Another point to bring up: It is completely possible that if an alliance is losing really badly (and has no chance of winning), they could intentionally "not score", by not raising the flag when they could, or not hanging, or unbalancing their pendulum. Which certainly is neither gracious nor professional, if the motivation to score points is so. I mean, you'd essentially be scoring points for the other team by continuing to score points for yourself.
                Last edited by Ernest314; 11-03-2013, 03:40 PM. Reason: grammar
                Lead programmer for FTC team #6424, the 'Oly Cow.
                https://www.facebook.com/pages/The-O...60019847470634

                Comment


                • #9
                  Originally posted by Ernest314 View Post
                  Another point to bring up: It is completely possible that if an alliance is losing really badly (and has no chance of winning), they could intentionally "not score", by not raising the flag when they could, or not hanging, or unbalancing their pendulum. Which certainly is neither gracious nor professional, if the motivation to score points is so. I mean, you'd essentially be scoring points for the other team by continuing to score points for yourself.
                  An excellent point. This could potentially come into play with teams that have sister-teams. Picture this situation: Sister-team A is fighting for a spot in the top four with Team X. Both of these teams have equal ranking points. Sister-team B is way down in the rankings, with no mathematical possibility that they could get in the top four. Sister-team B goes against Team X. About halfway through the match, it becomes clear that the alliance that Sister-team B is on cannot beat the alliance with Team X. So, sister-team B proceeds to do everything they can to keep their alliance's score low, thus lowering the ranking points of Team X and giving Sister-team A a better shot at a spot in the top four. This is most definitely neither gracious nor professional, but it is still a very real possibility.
                  Burning Lights Programming
                  FLL Team 341 Brick Chick'N Boys - Programmer (2009-2010)
                  FLL Team 263 Brainy Bricks - Programmer (2010-2011)
                  FLL Team 5028 Fellowship of the Brick - Youth Mentor (2011-2012)
                  FTC Team 6100 Chariots of Fire - Programmer (2012-2013)
                  FTC Team 7468 Blue Chariots of Fire - Programmer (2013-2014)
                  FTC Team 7468 Blue Chariots of Fire - Mentor/Coach (2014-2017)

                  Comment


                  • #10
                    been talking about this for years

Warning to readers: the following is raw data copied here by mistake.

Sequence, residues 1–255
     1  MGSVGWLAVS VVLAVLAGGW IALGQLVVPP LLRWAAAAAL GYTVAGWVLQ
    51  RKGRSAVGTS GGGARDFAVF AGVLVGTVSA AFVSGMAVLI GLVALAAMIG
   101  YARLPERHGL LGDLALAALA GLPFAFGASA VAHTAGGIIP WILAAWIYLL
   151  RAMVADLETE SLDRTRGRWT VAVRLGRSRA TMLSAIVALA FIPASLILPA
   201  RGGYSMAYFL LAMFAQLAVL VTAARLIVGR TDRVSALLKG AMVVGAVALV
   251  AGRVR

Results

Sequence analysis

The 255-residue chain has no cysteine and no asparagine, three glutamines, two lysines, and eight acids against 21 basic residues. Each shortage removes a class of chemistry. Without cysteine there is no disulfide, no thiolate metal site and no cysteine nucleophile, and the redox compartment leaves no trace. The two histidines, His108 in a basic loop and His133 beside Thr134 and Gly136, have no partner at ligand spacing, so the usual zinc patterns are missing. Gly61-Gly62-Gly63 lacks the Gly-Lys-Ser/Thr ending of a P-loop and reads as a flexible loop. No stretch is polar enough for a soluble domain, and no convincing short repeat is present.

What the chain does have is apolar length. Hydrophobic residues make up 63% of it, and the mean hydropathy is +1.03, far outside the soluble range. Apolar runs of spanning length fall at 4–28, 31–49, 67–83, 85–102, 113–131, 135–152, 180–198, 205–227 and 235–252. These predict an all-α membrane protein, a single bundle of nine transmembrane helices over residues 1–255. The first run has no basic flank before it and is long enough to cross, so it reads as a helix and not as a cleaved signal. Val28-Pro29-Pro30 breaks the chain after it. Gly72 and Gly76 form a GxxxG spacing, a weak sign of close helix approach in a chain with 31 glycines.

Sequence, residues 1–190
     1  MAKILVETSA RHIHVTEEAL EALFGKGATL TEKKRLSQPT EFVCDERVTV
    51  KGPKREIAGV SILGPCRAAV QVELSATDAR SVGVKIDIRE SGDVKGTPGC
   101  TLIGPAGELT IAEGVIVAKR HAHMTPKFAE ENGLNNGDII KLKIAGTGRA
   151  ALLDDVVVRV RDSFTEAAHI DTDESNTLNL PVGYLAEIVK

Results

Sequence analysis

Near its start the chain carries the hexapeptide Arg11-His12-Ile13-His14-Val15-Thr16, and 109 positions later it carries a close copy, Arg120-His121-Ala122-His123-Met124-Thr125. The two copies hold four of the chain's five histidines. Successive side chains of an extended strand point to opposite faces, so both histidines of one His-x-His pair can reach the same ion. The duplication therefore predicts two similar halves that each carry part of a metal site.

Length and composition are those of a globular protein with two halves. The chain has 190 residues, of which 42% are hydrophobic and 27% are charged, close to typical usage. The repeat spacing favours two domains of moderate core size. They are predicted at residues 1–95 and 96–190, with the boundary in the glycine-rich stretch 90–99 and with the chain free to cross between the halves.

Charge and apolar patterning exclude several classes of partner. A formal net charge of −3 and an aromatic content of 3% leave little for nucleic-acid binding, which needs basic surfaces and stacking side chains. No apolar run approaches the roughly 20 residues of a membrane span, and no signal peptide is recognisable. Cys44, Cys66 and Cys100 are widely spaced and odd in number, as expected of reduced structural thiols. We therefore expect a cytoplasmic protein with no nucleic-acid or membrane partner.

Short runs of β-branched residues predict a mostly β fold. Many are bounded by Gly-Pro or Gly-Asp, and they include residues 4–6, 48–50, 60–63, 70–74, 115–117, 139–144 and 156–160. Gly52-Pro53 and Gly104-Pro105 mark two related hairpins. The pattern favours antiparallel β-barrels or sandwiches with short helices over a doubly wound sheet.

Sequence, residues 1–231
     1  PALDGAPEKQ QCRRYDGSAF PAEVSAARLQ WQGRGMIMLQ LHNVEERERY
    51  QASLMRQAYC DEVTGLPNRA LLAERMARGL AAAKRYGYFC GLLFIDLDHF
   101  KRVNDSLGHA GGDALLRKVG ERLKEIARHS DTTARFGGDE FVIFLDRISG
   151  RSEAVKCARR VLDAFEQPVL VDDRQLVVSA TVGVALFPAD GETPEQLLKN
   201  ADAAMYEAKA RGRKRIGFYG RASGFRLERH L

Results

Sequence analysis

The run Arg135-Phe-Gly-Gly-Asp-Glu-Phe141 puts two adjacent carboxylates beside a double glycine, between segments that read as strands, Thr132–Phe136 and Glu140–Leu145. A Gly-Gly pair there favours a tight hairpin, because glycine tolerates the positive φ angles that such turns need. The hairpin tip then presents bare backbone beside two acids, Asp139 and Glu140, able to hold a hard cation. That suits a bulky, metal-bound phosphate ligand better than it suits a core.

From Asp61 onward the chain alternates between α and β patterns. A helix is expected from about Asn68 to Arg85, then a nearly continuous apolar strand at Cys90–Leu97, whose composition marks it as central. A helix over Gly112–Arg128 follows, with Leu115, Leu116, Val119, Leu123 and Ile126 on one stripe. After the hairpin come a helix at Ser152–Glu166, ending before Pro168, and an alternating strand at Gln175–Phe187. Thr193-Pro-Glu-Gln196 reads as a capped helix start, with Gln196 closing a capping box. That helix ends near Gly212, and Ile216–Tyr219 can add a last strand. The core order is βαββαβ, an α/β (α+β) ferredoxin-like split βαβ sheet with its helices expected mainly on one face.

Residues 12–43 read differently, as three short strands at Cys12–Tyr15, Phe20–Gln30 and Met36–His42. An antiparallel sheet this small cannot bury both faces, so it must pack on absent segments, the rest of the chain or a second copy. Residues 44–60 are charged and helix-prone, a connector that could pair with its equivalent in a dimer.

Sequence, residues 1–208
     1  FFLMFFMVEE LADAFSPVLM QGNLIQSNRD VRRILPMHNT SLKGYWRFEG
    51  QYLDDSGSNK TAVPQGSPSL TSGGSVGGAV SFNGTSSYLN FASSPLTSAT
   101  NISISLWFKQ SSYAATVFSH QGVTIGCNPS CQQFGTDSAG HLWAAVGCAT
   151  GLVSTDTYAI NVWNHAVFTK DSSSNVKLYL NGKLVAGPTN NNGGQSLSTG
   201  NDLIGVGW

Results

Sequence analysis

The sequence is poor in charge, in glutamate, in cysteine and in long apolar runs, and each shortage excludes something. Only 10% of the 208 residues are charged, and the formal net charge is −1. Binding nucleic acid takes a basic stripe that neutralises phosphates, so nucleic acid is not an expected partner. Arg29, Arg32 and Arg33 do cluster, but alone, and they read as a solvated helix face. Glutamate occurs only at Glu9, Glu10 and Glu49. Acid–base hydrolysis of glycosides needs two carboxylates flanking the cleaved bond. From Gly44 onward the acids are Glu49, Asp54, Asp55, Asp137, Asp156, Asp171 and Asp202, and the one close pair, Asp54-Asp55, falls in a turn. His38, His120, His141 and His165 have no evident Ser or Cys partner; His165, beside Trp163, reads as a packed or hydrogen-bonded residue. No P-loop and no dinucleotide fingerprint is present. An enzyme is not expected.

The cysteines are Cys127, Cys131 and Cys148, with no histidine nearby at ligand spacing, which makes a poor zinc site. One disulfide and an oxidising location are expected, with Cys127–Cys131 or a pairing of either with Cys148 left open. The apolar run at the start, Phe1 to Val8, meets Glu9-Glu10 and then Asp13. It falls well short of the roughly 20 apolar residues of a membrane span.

Over the years ... I have been involved in many discussions about RP with many people.

                    The critical time where RP matters is figuring out which teams will become alliance captains and what order they will get to select alliance partners.

                    My personal opinion is that the losing alliance should get the lower score as RP, and the winning alliance should get the average of the higher and lower score. This gets a bit more twisted this season due to the way penalties work.

                    For a tie, both alliances should get the lower pre-penalized score as RP, which is exactly what happens.

                    When it is not a tie, there is a chance that the winning alliance might have a lower pre-penalized score than the losing alliance. The scoring system follows what the rules dictate, which is that all teams receive the losing alliance's pre-penalized score. In my opinion this would be better if all teams receive the lower pre-penalized score. Whatever.

                    A much better approach would be like this:
                    For a tie, all teams should get the lower pre-penalized score, which is the same as what happens now.
                    When it is not a tie, the losing alliance should get the lower pre-penalized score, and the winning alliance should get the average of the lower pre-penalized score and their own pre-penalized score. In the case where the winning alliance actually had the lower pre-penalized score, they would get the same RP as the losing alliance. In the case where the winning alliance had a higher pre-penalized score, they would get the average.

                    In cases where there are no penalties, the RP is much easier to understand.

                    My favorite way to illustrate the problem with the current RP approach is to imagine two robots. Robot A wins every match by a score of 20 to 10. Robot B wins every match by a score of 200 to 0. Assuming these are the only undefeated teams, at the end of the day Robot A will be ranked higher and will get first pick of alliance partners. Somehow this doesn't seem like the best approach. Ask anyone in the audience which is the stronger robot, and they will all point to the robot that scores consistently high all day long.